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December 13, 2006

What About the Less Serious Food Allergies?

As parents of children with food allergies, we spend most of our thoughts on keeping our children from exposure to the life threatening allergens. Whether your child is allergic to peanuts, tree nuts, eggs, shell fish, soy, wheat or some other allergen, if anaphylactic reaction is a possibility, you are going to do whatever it takes to keep them safe. But what about those other food allergies? What if your child has milder reactions to some foods?

One of our kids reacts very easily to wheat. This is not a life-threatening situation (for her, that’s peanuts). She can eat some wheat products with no symptoms. There are other times when the hives flare-up and she is so uncomfortable. We try to provide lots of wheat free food choices and, at the age of seven, she knows what she likes and doesn’t like. And because she can tolerate some wheat, we’ve let her make food choices for herself.

What is the “right amount” when the allergy is not life threatening? I believe in letting our children make their own choices, yet the food allergy deal sometimes seems more like art than science and I feel better keeping my kids away from anything they are allergic to. I wonder if I'm alone on this one?

Posted by David at December 13, 2006 3:07 PM


My son is allergic to wheat, rye, barley, egg, milk, and peanuts. The rye, barley, and peanuts are untested as far as we know (and won't be for quite some time). The wheat and egg are very severe and must be avoided at all cost. The milk is our gray area. He does eat a bread mix that has whey in it, and has never reacted. I wrestle with this. He's not reacting, but am I keeping him from outgrowing the milk allergy because we don't fully avoid? He loves this bread and it is the only one he will eat. I hope and pray that I am doing the right thing by him. They've come out with a milk free version, so we will try that one now. Hopefully he likes it as much and I can stop worrying.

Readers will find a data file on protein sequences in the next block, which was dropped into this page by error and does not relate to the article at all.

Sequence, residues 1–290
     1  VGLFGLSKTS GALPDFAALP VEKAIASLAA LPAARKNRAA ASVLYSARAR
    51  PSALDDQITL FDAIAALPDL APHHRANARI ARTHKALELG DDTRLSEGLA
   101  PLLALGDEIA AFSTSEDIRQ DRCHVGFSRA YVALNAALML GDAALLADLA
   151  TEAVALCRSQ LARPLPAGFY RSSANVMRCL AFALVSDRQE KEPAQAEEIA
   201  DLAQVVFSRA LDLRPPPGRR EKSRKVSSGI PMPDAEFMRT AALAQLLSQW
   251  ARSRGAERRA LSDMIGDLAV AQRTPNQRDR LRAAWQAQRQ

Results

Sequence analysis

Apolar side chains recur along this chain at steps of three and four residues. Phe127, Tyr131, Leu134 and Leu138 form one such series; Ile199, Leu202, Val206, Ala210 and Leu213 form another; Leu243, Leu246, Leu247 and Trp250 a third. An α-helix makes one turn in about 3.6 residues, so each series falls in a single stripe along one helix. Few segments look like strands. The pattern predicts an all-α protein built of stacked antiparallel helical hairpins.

Posted by: ChupieandJsmama at December 14, 2006 5:42 AM

One of the first things our allergist said to us was that working with food allergies is definitely more of an art than a science. Thus far in our allergy journey we've been strict avoiders of all allergens with significant RAST scores, and unfortunately that makes for an extremely limited diet for my daughter (severe reactions to wheat and egg, super high scores on peanuts and treenuts, and high scores on milk, soy, oats, shellfish, and seeds of all kinds). We'll begin doing food challenges this year because we haven't a clue what will happen when she consumes some foods--like milk and soy and seeds--and so we'll be moving into these murky waters. What will be considered "acceptable tolerance" of an allergen? There may be evidence that too much avoidance of a "minor" allergen could be just as detrimental as too little avoidance of a major one, if some journal articles I've seen are correct (that not working to build up a tolerance over time could make a mountain out of a molehill, so to speak). Unfortunately, I don't think that even the medical professionals among us could state with any certainty that there is a hard and fast "rule" about this. Every allergic child is different, it seems. I can't help with this question yet, but maybe after we've done the food challenges I'll have something more helpful to say.

Posted by: Laura F. at December 15, 2006 9:20 PM